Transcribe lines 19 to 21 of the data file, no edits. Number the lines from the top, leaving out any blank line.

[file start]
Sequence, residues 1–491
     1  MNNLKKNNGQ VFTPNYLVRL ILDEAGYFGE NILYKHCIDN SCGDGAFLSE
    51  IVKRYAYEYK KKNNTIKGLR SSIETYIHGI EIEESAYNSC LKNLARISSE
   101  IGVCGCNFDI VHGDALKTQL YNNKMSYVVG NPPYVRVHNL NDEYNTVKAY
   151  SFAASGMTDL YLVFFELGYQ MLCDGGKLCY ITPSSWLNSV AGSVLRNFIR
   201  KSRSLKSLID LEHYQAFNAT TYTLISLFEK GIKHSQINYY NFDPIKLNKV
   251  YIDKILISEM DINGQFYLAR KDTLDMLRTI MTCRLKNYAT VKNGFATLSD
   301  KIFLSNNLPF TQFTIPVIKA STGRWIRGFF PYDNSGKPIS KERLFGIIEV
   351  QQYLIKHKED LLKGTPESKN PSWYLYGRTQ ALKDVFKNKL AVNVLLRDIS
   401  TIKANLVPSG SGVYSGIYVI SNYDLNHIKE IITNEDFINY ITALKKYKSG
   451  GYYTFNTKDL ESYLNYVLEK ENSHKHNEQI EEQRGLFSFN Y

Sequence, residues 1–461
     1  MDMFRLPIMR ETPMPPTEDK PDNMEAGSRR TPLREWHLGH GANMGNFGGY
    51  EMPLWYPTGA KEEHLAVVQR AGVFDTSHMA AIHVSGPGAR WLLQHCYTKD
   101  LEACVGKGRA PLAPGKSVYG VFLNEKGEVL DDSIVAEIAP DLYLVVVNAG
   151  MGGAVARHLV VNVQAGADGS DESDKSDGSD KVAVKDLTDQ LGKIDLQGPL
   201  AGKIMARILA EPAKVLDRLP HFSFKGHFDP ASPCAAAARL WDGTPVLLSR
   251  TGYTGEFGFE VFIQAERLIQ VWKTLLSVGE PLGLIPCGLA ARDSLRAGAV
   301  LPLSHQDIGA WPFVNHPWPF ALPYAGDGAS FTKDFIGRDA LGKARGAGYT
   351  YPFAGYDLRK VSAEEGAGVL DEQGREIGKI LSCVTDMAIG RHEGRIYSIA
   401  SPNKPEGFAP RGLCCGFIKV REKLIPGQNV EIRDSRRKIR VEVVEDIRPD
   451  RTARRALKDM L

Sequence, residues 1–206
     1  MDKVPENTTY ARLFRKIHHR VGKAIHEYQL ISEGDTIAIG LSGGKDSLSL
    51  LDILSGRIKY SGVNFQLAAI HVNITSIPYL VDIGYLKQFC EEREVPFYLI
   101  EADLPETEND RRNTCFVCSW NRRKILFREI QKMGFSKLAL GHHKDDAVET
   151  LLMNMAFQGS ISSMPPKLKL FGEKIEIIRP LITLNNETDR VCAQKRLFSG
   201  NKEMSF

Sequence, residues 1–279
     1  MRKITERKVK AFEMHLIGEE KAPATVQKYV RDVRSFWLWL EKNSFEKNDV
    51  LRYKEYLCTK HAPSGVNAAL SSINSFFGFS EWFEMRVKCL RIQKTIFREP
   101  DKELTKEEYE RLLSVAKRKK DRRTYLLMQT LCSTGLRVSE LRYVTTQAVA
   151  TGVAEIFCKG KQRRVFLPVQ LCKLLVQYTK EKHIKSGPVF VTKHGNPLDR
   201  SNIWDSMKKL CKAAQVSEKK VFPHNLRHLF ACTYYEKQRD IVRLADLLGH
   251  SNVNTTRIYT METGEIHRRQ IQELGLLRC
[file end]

   301  LPLSHQDIGA WPFVNHPWPF ALPYAGDGAS FTKDFIGRDA LGKARGAGYT
   351  YPFAGYDLRK VSAEEGAGVL DEQGREIGKI LSCVTDMAIG RHEGRIYSIA
   401  SPNKPEGFAP RGLCCGFIKV REKLIPGQNV EIRDSRRKIR VEVVEDIRPD